The injured Leon Draisaitl did not dress for Friday’s game in Seattle. When it was all said and done, he would play only four less minutes than Seattle starter Philipp Grubauer. 

As it turned out, the Oilers were just fine without the NHL’s second leading scorer, leapfrogging both the Kraken and the Calgary Flames in the standings on a stunning five-point night by Connor McDavid, as Edmonton administered a 7-2 Pacific Northwest pounding of the Kraken. 

“We were able to assert the game we wanted to play right off the bat,” said head coach Jay Woodcroft. “Put the other team on the back foot. We took the game to them.” 

This, folks, was as stress free a hockey game as an Oilers fan has enjoyed in a looong time. Not a finger nail chewed or church candle lit. 

Without Draisaitl, Edmonton pinned seven on the Kraken. It was never close. 

“When you take (Draisaitl’s) 20, 21 minutes out of the lineup, it’s an opportunity for others,” said Woodcroft.  

“When you’re missing someone like Leon, it’s not that you’re replacing him. It’s just that other people are able to step up to the forefront and pick up the slack.” 

“Other people?” Like, say, McDavid? 

Playing a season-low 16:01, McDavid had a season-high five points. 

“Especially losing Leon, he was going to want to step up,” said Ryan Nugent-Hopkins, who had a four-point night himself. “Tonight he was he was a driver. I mean, he’s definitely our leader emotionally on the ice. I thought we followed his lead and rallied behind him.” 

Three nights after a nervy 2-1 road win against the hated Calgary Flames, the Oilers won a laugher in Seattle, leading 3-0 before the game was four minutes old. Edmonton jumped on the Kraken with goals at 2:44, 3:16 and 3:55 of the first period, then scored again six minutes later on a Jesse Puljujarvi snipe, no less. 

Klim Kostin had two goals and a scrap. He is emerging as a nice depth forward, on a team that is desperate for exactly that.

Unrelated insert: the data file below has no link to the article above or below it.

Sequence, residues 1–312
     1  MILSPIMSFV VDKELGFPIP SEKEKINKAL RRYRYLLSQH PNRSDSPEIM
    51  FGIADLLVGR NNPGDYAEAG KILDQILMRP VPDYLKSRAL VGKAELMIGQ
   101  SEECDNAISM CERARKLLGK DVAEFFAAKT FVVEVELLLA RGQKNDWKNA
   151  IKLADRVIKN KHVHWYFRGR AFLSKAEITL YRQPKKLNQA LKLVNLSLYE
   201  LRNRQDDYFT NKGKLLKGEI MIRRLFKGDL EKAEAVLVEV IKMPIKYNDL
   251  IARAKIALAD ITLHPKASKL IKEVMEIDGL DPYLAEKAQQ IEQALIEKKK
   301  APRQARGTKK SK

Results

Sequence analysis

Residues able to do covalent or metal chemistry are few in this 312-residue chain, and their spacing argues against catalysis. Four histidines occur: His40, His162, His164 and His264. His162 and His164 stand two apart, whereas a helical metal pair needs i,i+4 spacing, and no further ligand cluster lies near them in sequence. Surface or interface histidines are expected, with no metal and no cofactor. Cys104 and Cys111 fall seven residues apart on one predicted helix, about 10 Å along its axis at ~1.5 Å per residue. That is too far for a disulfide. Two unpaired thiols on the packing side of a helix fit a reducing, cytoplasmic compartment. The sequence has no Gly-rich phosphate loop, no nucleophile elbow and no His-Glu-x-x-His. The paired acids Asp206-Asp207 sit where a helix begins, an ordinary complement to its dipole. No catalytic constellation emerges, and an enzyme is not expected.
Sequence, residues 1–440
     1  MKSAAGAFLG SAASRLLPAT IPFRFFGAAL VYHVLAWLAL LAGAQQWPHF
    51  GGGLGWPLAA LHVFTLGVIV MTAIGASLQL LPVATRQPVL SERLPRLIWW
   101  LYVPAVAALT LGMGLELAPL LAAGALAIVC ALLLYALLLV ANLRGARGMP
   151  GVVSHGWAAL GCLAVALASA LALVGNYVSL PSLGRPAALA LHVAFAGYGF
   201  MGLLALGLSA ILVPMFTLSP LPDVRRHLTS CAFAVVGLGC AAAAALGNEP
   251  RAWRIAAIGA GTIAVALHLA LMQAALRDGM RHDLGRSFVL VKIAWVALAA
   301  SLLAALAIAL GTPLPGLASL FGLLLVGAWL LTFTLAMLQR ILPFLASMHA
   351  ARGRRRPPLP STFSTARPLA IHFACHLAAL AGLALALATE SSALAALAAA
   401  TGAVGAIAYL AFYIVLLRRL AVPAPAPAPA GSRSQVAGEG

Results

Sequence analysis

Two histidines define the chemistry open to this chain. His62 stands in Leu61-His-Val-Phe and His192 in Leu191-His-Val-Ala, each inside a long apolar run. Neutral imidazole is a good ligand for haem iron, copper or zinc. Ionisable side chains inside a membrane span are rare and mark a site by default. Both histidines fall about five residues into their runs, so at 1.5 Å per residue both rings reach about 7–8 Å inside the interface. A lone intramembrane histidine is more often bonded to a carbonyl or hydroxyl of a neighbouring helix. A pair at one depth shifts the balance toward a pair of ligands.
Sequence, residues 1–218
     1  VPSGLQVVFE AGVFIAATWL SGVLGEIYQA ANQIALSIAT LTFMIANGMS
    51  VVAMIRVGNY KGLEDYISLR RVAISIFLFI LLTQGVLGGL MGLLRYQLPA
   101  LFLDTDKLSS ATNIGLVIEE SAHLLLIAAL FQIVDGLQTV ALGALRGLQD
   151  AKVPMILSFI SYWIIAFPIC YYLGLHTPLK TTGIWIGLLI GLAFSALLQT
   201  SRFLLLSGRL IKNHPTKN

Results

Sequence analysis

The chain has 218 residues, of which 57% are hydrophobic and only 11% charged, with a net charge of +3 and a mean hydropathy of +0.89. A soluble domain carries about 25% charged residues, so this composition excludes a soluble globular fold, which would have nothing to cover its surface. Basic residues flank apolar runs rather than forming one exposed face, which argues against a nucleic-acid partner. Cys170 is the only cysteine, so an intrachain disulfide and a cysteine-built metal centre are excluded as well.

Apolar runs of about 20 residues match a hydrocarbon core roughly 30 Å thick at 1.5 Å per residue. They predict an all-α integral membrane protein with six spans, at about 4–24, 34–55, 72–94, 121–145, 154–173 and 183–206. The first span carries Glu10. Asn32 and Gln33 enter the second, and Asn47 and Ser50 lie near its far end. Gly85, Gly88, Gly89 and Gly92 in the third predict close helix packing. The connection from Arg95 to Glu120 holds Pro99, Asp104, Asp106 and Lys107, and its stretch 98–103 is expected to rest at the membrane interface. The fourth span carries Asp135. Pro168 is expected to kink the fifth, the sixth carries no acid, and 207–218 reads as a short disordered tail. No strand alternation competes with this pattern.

“He’s so skilled, so talented,” said McDavid, “and he’s big and mean. It’s a heck of a combination.” 

McDavid was simply magnificent, with four assists and Edmonton’s seventh goal of the night. This was the sublime McDavid, on a night where he simply operated a step ahead of the Kraken, distributing pucks to Zach Hyman (two goals), Darnell Nurse and Puljujarvi — all primary assists. 

The opening stanza was McDavid’s 18th career three-point period, and by game’s end he would have totals of 32-40-72 — in 37 games this season. He is on pace for a ridiculous 160 points, and even if he settles for 150, that is a mark that only four players have achieved in the past 50 years: Wayne Gretzky (nine times), Mario Lemieux (four times), Steve Yzerman and Bernie Nicholls. 

“I’m running out of adjectives and analogies or metaphors,” Woodcroft said, when asked to describe his captain. “What he is doing, I think we should all realize, is quite special. It’s the best league in the world, and he’s off to a career year. He’s doing something that the league hasn’t seen for a very long time.” 

So is the Oilers powerplay, which went two-for-two on a pair of Hyman goals from the door step, passes courtesy of McDavid. That uptick takes the Oilers unit to an even 33.3% on the season, which would be the highest ever recorded. 

This was the beginning of three meetings between Edmonton and Seattle in 19 days. The Kraken visit Rogers Place on Tuesday.